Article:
• The Bernward Monument (de) of Carl Ferdinand Hartzer (de) from 1893 stands in front of the northwest entrance
  • The Hildesheim rood screen (Hildesheimer Domlettner, de) in St. Anthony's Church (deconsecrated on 17 September 2009) on the south side of the cloisters houses

During the 2010-2014 renovations, many religious items from the Cathedral were displayed at the Metropolitan Museum of Art in New York, until 5 January 2014.[18][19]

Organ[edit]

The history of the organ in Hildesheim Cathedral goes back to the fourteenth century. By 1378 there was an organ in the north aisle, above the chapel of the Three Kings. This instrument was moved to the Godehard choir in the fifteenth century and was sold in 1713.

The first large cathedral organ was built by master organ-builder Conrad Abtt (Minden), probably in 1616/7. The instrument had 31 registers in two manuals and pedals. Over the course of time the instrument was repeatedly rebuilt, expanded, and extended, especially at the end of the seventeenth and beginning of the eighteenth centuries. A complete rebuild by the organ-builders Furtwängler & Hammer (Hannover) in 1909, after which the organ had 54 registers in three manuals and pedals, is particularly important. Its original appearance remained largely intact through the course of all these renovations, but on 22 March 1945 the organ was destroyed in the air raid on Hildesheim.

Cathedral organ (until 2010)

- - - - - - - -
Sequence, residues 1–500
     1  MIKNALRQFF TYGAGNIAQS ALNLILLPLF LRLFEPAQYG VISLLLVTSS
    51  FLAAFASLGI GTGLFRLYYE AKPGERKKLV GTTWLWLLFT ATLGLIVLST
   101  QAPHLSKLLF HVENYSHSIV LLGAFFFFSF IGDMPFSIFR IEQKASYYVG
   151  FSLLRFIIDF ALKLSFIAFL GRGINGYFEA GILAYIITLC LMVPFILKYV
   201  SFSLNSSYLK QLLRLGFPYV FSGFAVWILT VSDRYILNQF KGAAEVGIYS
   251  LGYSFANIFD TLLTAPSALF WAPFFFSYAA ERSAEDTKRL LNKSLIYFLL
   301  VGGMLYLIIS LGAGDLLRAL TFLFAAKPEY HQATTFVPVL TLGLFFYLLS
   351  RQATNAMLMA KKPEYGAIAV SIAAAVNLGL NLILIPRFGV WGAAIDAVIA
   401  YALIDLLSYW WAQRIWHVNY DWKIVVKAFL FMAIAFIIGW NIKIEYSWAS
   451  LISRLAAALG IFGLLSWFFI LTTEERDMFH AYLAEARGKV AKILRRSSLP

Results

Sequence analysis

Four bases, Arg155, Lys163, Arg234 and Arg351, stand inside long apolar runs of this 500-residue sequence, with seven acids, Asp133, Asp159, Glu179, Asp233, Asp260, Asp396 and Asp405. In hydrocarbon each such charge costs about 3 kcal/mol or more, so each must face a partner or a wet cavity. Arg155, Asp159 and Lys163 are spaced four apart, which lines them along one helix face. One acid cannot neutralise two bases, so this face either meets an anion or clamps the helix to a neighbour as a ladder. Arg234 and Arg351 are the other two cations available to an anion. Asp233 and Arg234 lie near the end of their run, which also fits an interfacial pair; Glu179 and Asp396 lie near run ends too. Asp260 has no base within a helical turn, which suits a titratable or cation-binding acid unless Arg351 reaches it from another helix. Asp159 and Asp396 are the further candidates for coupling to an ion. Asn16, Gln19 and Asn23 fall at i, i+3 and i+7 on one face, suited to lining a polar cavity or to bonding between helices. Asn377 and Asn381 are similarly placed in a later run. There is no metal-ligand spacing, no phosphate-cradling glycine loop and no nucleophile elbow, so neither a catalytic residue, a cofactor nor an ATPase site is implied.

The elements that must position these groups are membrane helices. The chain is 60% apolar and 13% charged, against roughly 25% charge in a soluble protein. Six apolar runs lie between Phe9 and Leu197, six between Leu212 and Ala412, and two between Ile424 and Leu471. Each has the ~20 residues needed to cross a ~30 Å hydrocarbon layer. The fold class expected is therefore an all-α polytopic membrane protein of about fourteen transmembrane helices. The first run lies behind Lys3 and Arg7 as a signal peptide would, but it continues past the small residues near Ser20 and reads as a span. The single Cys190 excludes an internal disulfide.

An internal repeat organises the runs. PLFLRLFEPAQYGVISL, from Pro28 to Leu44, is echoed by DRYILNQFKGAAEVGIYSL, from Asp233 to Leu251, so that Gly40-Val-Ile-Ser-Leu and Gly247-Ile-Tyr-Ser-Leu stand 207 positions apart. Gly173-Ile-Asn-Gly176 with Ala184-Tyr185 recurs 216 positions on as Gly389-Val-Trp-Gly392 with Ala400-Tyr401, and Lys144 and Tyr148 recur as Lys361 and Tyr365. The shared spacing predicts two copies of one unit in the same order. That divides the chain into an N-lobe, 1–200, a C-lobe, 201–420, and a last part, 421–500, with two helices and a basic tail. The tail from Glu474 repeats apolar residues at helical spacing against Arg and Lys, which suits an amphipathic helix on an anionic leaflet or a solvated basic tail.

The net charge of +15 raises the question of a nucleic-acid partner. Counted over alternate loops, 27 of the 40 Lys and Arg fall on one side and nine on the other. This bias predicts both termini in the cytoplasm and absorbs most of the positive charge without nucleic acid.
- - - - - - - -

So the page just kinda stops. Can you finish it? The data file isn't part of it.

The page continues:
Cathedral organ of 1960/1989 (until 2010)[edit]

During the restoration of the cathedral, the organ builder Franz Breil (Dorsten) built a new organ with 52 registers in four manuals. The instrument was completed in 1960. As well as the usual works (main organ, chair organ, choir organ and pedals), this organ included a unique feature - a Spanish reed organ with three registers, which could be played from the fourth manual.[20]

Breil's organ proved insufficiently sonorous, so in 1989 it was rebuilt using new techniques and expanded to 66 registers by the organ firm Klais (Bonn). By arrangement with the heritage society, the organ's appearance, which reflected the stylistic fashions of the 1950s and 60s, was retained, as were the pipes and housing.[20]

New cathedral organ (from 2015)[edit]

In the course of the renovations, the organ firm Seifert (Kevelaer) are constructing a new cathedral organ system from the existing organ, consisting of a main organ and a choir organ. The system should be complete for the diocese's 1200th jubilee in 2015. The main organ was dismantled in February 2010 to make way for this new organ.[21]

The new main organ should have 77 registers in five manuals (able to be played at a four manual console) and pedals. The 56 registers and the windchests of the old organ will be reused. Since the choir and organ gallery were demolished during the renovation, the new main organ's appearance will be modified and it will be adjusted to suit the new acoustic environment.[21]